|NMU||PENNSYLVANIA||Secret Courts||Nov 21, 2000|
Order sealing names of two alleged prostitution clients contested
- A trial judge released all but two names of alleged prostitution clients in a pending criminal case, citing concerns for the individuals’ reputations.
The Greensburg Tribune-Review has asked the Pennsylvania Supreme Court to overturn a sealing order that bars the release of the names of two men who appear to be clients of an alleged prostitution ring.
Fayette County Judge Gerard Solomon had already released the names of all the other men and the names of the alleged prostitutes. In issuing the order, Solomon said he was concerned that releasing the final two names would hurt the men’s reputations.
The underlying case involves the prosecution of Susanne Teslovich, a former Fayette County commissioner, who has been accused of running a prostitution ring from her home. Teslovich’s telephone logs were discovered during the course of the case. The judge ordered that two of the names on the telephone logs be sealed. The men have been referred to in court as John Doe No. 1 and John Doe No. 2.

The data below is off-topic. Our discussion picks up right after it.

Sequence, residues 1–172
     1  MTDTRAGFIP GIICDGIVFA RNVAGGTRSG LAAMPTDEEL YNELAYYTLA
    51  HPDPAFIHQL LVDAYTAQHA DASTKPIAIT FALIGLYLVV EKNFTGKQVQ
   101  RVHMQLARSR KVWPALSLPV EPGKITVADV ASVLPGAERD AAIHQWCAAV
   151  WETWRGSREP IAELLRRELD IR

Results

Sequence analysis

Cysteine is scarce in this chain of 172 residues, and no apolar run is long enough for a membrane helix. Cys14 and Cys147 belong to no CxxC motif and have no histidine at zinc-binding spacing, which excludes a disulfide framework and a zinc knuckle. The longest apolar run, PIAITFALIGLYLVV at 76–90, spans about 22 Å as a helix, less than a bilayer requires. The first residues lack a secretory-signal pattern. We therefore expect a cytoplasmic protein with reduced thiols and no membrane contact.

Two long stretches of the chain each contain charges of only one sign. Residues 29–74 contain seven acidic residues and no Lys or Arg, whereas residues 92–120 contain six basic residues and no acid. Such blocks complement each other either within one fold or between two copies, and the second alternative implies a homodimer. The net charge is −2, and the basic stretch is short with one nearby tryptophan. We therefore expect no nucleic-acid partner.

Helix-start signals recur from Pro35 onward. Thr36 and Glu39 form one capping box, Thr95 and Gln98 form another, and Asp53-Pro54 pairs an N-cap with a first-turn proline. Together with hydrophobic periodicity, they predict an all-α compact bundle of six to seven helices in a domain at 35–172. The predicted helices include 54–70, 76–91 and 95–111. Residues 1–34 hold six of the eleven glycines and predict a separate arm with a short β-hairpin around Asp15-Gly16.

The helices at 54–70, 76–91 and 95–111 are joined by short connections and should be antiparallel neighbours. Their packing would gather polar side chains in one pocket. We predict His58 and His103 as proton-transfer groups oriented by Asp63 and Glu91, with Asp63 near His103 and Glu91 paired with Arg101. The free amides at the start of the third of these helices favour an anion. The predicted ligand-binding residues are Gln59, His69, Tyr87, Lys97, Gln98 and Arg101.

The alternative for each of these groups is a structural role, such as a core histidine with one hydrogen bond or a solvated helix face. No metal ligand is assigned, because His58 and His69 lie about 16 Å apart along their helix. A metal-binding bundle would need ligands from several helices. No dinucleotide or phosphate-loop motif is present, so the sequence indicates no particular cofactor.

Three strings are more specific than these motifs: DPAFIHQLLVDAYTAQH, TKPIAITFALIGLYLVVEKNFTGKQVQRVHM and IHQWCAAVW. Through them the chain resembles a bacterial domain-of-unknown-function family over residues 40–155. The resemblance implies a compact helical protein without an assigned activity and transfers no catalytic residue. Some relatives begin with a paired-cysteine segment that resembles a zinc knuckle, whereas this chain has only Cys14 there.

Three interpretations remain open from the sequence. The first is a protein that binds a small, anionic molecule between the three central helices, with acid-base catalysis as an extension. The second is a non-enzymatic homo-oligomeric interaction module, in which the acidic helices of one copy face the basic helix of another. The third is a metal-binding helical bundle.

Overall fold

The Legal Intelligencer reported that District Attorney Nancy Vernon wants the names publicized, arguing the case does not deserve special treatment.
The Pennsylvania Newspaper Association filed an amicus curiae brief supporting the Tribune-Review.
Corinna Wilson, general counsel for the association, said that “judges are mistakenly elevating personal privacy concerns over First Amendment concerns.” She noted that the law requires judges to consider the public’s traditional right of access to criminal proceedings and court records, but claimed the judges “aren’t balancing anything.”
(Commonwealth v. Teslovich; media counsel: Ron Barber of Strassburger, McKenna, Gutnick & Potter (for Tribune-Review Publiching Company, Inc.) and Corinna Wilson (for amicus curiae Pennsylvania Newspaper Association) — AG
© 2000 The Reporters Committee for Freedom of the Press